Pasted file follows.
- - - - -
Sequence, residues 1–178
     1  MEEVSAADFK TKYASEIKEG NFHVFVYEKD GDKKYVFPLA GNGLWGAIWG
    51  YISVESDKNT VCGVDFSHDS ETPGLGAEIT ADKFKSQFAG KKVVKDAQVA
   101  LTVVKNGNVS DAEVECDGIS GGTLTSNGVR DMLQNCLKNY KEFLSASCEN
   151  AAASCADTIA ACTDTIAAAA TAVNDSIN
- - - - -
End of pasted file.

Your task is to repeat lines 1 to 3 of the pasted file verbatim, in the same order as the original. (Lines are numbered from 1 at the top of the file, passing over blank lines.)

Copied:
Sequence, residues 1–178
     1  MEEVSAADFK TKYASEIKEG NFHVFVYEKD GDKKYVFPLA GNGLWGAIWG
    51  YISVESDKNT VCGVDFSHDS ETPGLGAEIT ADKFKSQFAG KKVVKDAQVA